Shipping giants have avoided transiting the Red Sea after attacks

Known as the “highway of the sea”, it connects the Mediterranean with the Indian Ocean, and therefore Europe with Asia, along which some 20,000 ships circulate each year.

Attacks by Iran-backed Houthi militants in Yemen against international shipping in the Red Sea have disrupted global trade.

However, US officials say a combination of airstrikes and naval convoys is allowing thousands of ships to continue their journey unscathed.

In the last three months, an estimated 4,677 cargo ships have transited the Red Sea, the US Department of Defense told VOA.

Of those, 423 ships passed under the protection of Operation Prosperity Guardian, a US-led coalition of about 20 countries that includes the United Kingdom, Bahrain, Canada, the Netherlands, Norway and Spain.

“This is something we will continue to maintain,” Pentagon press secretary Maj. Gen. Pat Ryder told reporters Thursday.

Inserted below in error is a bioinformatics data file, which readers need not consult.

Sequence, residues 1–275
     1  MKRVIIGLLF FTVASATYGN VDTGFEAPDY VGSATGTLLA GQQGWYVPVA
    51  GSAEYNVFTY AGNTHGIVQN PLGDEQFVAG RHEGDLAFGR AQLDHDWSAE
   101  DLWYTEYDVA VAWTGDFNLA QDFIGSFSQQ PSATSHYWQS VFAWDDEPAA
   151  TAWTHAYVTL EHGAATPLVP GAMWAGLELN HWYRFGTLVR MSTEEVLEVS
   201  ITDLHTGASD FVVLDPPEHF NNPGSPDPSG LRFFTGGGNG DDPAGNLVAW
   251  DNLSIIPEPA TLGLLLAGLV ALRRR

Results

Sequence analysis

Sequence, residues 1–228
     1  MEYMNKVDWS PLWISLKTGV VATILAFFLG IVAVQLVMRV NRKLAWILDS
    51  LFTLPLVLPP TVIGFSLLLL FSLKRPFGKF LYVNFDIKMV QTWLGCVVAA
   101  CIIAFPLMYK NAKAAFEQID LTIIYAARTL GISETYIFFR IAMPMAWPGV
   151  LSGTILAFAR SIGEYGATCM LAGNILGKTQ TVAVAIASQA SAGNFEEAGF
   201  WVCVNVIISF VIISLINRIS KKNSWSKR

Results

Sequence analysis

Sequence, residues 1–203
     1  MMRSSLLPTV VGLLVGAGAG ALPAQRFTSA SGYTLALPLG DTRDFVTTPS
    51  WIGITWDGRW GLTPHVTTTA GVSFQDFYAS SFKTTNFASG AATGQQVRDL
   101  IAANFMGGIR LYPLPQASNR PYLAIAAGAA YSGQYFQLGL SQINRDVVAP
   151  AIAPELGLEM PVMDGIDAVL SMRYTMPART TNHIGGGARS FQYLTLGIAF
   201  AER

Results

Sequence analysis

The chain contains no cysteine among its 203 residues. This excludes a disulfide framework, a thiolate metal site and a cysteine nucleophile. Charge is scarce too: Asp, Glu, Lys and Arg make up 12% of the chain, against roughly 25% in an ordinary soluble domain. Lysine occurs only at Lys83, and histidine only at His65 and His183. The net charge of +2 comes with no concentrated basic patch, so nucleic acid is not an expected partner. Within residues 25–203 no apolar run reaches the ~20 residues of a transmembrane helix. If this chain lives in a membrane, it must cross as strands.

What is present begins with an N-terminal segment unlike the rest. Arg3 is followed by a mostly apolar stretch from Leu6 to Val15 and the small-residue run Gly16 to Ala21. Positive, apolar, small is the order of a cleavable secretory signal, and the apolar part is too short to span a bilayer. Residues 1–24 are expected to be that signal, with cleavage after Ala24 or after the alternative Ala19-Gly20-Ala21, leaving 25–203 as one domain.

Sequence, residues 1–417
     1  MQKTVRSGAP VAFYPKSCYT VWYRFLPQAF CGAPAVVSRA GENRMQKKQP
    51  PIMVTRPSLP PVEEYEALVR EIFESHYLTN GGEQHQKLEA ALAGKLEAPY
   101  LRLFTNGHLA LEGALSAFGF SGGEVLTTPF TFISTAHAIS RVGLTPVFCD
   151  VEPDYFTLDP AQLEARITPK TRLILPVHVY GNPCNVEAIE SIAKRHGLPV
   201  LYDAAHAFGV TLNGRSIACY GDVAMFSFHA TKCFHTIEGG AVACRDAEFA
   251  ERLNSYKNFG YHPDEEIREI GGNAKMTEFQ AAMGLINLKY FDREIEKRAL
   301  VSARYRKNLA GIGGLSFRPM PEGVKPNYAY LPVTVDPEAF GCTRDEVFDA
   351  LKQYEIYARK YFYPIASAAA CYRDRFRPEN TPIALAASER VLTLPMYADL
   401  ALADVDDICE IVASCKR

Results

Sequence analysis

“The Red Sea is a vital waterway: 15% of world trade passes through it,” explained Ryder, who called the Houthi attacks “illegal and reckless.”

Attacks in Red Sea

US Deputy Assistant Secretary of Defense Daniel Shapiro told lawmakers that there have been “at least 48 attacks on commercial vessels and warships in and around the Red Sea” since November 19.

About 15 commercial ships, including four American ships, have suffered at least some damage due to Houthi attacks.

More than a dozen major shipping companies have suspended their transit through that route.